For a lens to be remarkable it doesn’t always have to be exceptionally gorgeous, have the highest specification, or cost as much as a small, used car. Sometimes the best lenses are modestly specced and modestly priced. These lenses quietly go about their business, never being lauded with high praise or photographed for Instagram camera-porn.
Canon’s 28mm F/2.8 FDn is just such a lens, and I’ve spent the past week putting this quiet contender through its paces. Shot on a classic film body and on today’s mirror-less machines, I’ve found this little FDn to be an excellent wide-angle offering with just a few minor drawbacks. While these issues may be deal-breakers for some, for many others this just might be the perfect wide-angle lens.
For full specs, pricing, and notes on practical use, read on. Hey, we may just give this thing a chance to pose for a center-fold!
Whether using an old Canon body such as the A-1 or AE-1, or a new mirror-less camera with suitable adapter, shooting the 28mm F/2.8 is the same as any other Canon FD or FDn lens. On film cameras with Auto Exposure modes, set the lens’ aperture ring to “A” and the camera will handle stopping the aperture down at the moment of shutter release to create a perfectly exposed shot. If you want control over depth-of-field, rotate the aperture ring to any F-stop and the automatic aperture lever will preselect your desired aperture, enabling wide-open through-the-lens metering.
These days Canon FD and FDns are easily adapted for use on the modern crop of mirror-less machines such as Fujifilm’s X series and Sony’s exceptional a7. Simply buy an adapter from Amazon or eBay, attach your lens and camera, and enjoy this fantastic legacy glass coupled with today’s modern conveniences. Buy a glass-less adapter that enables infinity focus for the purest results and you’ll be good to go. Shooting this way requires manual aperture adjustments, but that’s a small trade for the abilities gained through the use of these masterful, new machines.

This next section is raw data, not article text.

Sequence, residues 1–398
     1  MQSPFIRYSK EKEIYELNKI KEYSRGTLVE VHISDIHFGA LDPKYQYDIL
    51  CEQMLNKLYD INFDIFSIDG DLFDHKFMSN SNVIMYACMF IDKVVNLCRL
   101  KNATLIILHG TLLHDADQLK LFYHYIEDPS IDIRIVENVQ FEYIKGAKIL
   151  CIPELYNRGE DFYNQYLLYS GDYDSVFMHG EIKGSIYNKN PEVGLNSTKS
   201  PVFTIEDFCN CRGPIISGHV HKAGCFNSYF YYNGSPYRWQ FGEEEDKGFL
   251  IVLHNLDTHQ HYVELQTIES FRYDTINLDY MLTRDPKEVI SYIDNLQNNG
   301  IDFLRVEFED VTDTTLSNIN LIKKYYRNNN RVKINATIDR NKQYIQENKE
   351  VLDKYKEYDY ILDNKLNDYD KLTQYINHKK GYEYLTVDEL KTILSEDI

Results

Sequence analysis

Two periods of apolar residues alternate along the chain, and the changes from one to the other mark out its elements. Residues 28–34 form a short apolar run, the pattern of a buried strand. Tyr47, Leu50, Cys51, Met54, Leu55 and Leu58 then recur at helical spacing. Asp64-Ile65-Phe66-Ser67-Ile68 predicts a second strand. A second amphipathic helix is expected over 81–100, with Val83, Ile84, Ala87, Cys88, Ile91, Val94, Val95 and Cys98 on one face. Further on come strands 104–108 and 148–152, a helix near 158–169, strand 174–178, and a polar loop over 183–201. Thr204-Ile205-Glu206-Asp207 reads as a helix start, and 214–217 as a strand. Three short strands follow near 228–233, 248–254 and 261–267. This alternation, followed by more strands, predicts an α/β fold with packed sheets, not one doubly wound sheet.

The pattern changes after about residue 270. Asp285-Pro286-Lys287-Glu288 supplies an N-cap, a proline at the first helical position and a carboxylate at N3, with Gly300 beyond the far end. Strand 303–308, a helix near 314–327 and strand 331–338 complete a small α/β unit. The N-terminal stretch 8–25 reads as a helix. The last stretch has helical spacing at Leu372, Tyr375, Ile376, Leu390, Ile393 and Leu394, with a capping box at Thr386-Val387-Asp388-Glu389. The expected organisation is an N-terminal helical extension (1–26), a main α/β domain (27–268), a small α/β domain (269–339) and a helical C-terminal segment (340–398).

The 28mm F/2.8 is aesthetically unremarkable. It looks fine, but it’s not going to impress you with fancy paintwork or shiny metal. Entirely black with a plastic aperture and focus ring, there’s nothing to shout about. The green and white lettering is visible enough in most situations and the red alignment dot is of the 3-D variety (rather than painted on), something I personally appreciate for its facilitation of rapid, eyes-free mounting.
If there’s anything noteworthy about the way this lens looks, it’s that it looks just like every other FDn. While this isn’t necessarily a bad thing, it does create one drawback that people may not immediately consider; it can be difficult to pick the lens out of a bag full of lenses. If you’re carrying a 50mm, 28mm, and a 35mm FDn in a camera bag, good luck differentiating between the three when it comes time to swap lenses. Is this a big problem? Not really. Just something that occasionally happens to those of us with less-than-stellar eyesight, or those who spend their time shooting in the dark.
Non-optically related build quality is fine, typical to the established ethos of this lens. It works without providing much in the way of superlatives or liabilities. It’s made with Canon’s relatively strong polycarbonate (plastic), a very durable material that I’ve never broken in a drop. It can happen, of course, but to be honest metal lenses tend to dent and bend in more destructive ways than do Canon’s plastic shells. If you drop this lens it’s likely that it will still function well, aside from a few scratches.